While colour analysis fell out of favour in the 1990, a phenomenon often linked to the rise of fast fashion, its recent revival – led by an explosion of interest on social media – has seen it connect with a new generation eager to assert their individuality. TikTok has turbo-charged the trend, relying on filters that project users’ faces against variations of Itten’s colour wheel, with #coloranalysis-tagged videos amassing hundreds of thousands of views.
“We’re living in an era in which people are really embracing brighter colours,” Boddy says, noting that after a lengthy period defined by muted tones, the emergence of the gender-neutral millennial pink in 2016 proved a turning point that saw many brands start experimenting with colour again.
“We’re living in an era in which people are really embracing brighter colours”
“Once upon a time, bright tones might have been more associated with street-style and youth,” Boddy says. “But it’s now reached all corners of fashion and interior design. It comes down to colour psychology – not all colours suit everyone, but there’s always a bright colour for you.”
In search of mine, another hyped pink, popularised by Barbie, proves overpowering. Thomas explains the need for harmony and balance between colour and complexion. “You want to be wearing the clothes rather than the clothes wearing you,” she says. Instead, she advises a dustier pink that’s less dominating and better suits the skin.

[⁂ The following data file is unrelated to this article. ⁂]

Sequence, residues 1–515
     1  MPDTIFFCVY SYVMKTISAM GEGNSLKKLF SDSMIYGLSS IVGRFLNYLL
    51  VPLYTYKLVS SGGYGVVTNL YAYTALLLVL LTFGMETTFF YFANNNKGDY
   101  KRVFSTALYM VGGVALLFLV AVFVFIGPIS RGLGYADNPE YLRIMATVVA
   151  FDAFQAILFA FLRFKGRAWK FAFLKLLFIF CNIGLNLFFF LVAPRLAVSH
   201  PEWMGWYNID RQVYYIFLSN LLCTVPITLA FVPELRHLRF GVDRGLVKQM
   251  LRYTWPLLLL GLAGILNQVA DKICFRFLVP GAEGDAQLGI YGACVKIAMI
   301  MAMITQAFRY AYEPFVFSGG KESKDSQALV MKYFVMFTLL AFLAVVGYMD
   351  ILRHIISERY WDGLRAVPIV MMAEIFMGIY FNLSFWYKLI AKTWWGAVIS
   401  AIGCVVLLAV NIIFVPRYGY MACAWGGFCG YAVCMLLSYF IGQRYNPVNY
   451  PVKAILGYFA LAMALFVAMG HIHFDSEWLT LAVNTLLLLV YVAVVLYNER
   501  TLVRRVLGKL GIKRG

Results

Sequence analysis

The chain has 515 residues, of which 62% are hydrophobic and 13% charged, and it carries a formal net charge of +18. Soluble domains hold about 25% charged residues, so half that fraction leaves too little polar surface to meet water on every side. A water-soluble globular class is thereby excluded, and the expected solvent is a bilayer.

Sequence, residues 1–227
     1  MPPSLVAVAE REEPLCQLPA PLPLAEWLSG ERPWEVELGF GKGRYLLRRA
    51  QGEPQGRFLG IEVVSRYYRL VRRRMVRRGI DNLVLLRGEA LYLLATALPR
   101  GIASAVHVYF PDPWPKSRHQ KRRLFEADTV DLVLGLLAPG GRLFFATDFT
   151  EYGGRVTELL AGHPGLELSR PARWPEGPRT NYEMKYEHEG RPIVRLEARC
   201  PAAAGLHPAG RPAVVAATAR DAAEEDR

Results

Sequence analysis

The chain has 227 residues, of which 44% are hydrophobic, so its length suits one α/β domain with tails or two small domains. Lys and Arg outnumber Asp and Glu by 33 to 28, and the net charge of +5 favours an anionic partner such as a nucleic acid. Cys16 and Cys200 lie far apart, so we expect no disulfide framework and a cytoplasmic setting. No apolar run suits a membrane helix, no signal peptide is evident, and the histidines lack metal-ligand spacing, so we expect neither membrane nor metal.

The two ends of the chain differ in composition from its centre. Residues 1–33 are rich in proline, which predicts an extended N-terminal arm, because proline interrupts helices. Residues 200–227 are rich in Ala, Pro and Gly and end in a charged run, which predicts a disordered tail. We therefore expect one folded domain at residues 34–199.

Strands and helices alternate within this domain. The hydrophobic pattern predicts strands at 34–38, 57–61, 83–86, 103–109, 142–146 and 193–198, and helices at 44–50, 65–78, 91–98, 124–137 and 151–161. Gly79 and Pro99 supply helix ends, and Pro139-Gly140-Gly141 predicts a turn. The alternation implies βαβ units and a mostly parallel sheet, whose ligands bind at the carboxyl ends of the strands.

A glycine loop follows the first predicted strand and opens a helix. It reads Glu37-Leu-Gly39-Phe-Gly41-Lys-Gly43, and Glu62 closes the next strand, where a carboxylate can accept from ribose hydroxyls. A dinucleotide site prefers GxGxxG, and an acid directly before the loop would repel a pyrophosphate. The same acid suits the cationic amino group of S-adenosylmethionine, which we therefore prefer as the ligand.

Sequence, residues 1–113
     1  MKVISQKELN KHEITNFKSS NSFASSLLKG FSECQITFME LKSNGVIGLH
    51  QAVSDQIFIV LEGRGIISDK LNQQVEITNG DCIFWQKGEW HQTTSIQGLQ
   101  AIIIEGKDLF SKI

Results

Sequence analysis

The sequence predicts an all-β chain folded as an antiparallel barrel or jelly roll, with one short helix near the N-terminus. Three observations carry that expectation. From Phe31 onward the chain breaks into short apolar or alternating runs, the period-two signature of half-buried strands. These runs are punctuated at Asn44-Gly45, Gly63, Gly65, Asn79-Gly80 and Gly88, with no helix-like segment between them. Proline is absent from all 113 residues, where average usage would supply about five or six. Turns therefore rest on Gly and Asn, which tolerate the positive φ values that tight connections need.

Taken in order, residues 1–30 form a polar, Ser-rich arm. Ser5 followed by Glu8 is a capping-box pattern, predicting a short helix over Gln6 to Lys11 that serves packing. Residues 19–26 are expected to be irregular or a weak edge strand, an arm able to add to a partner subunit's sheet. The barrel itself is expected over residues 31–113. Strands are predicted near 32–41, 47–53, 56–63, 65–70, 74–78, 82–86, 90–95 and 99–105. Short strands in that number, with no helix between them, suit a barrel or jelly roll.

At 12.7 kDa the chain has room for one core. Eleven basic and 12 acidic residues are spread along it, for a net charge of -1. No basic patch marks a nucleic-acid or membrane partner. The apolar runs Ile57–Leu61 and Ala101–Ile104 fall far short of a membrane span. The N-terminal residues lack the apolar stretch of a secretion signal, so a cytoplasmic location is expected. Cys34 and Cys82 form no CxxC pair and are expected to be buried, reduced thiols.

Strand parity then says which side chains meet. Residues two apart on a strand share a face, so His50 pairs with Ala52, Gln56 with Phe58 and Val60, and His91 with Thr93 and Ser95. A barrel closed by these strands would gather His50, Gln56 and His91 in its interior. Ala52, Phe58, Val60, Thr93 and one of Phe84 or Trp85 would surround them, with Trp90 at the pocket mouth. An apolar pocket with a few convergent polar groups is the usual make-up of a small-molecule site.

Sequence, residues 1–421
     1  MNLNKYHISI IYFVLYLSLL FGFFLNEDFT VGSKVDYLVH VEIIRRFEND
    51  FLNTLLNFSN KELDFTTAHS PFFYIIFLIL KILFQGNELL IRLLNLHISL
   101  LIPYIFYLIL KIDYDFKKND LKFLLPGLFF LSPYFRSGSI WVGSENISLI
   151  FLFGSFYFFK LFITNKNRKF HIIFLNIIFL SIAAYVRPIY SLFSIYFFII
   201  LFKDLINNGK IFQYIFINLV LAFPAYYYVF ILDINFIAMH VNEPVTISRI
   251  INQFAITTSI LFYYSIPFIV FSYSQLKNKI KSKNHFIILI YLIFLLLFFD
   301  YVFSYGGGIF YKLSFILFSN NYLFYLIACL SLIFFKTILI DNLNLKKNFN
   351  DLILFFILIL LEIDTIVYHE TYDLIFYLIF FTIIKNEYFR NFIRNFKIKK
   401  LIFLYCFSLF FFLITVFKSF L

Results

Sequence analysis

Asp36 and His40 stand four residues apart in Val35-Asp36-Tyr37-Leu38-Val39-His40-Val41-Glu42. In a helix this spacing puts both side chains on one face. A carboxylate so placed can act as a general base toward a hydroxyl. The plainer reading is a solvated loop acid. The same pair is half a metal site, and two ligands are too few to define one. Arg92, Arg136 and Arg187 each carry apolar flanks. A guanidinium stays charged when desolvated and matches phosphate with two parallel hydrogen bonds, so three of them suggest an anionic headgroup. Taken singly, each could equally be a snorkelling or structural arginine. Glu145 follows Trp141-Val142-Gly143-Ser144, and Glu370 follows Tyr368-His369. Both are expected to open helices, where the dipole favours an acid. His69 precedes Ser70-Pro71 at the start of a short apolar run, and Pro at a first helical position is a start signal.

Tanning makes little difference as your skins undertones remain the same, and the only time that someone’s colours really change is when they go grey, which alters the contrast levels in your complexion. “When that happens, you’ll see some of the brighter shades you used to be able to wear don’t work quite so well as your colouring has softened.”
For those keen to land upon their own colours, an alternative might be to try a TikTok filter on for size, although lighting and screen resolution – not to mention the medium’s tendency for misinformation – can affect the accuracy of any conclusions. With everyone’s skin tones differing subtly, affected by factors such as the contrast in our complexions, general rules are hard to pin down – which is where the keen eyes of colour analysts come in.
“Not all colours suit everyone, but there’s always a bright colour for you”
Often, those with olive skins suit cooler colours and people with high contrast in their complexion tend to suit brighter colours. But Thomas notes that there are exceptions. Tanning tends to make little difference to your colours as the skins undertones remain the same, with the only time that someone’s colours really change is when they go grey, which changes the contrast levels in your complexion. “When that happens, you’ll see some of the brighter shades you used to be able to wear don’t work quite so well as your colouring has softened.”
Aside from providing welcome sartorial shortcuts, our renewed interest in colour analysis hints at a positive shift in consumer habits, with the rise of slow – in reaction to fast – fashion meaning that more people are willing to invest in something that really works for them, rather than buying 20 versions of the same thing. “Subconsciously, we all have a connection to colour and whether that’s bold or not, it’s about us wanting to express who we are,” Boddy says. “And if people gain an understanding of which colours really suit them, they’re more likely to hold onto pieces for far longer.”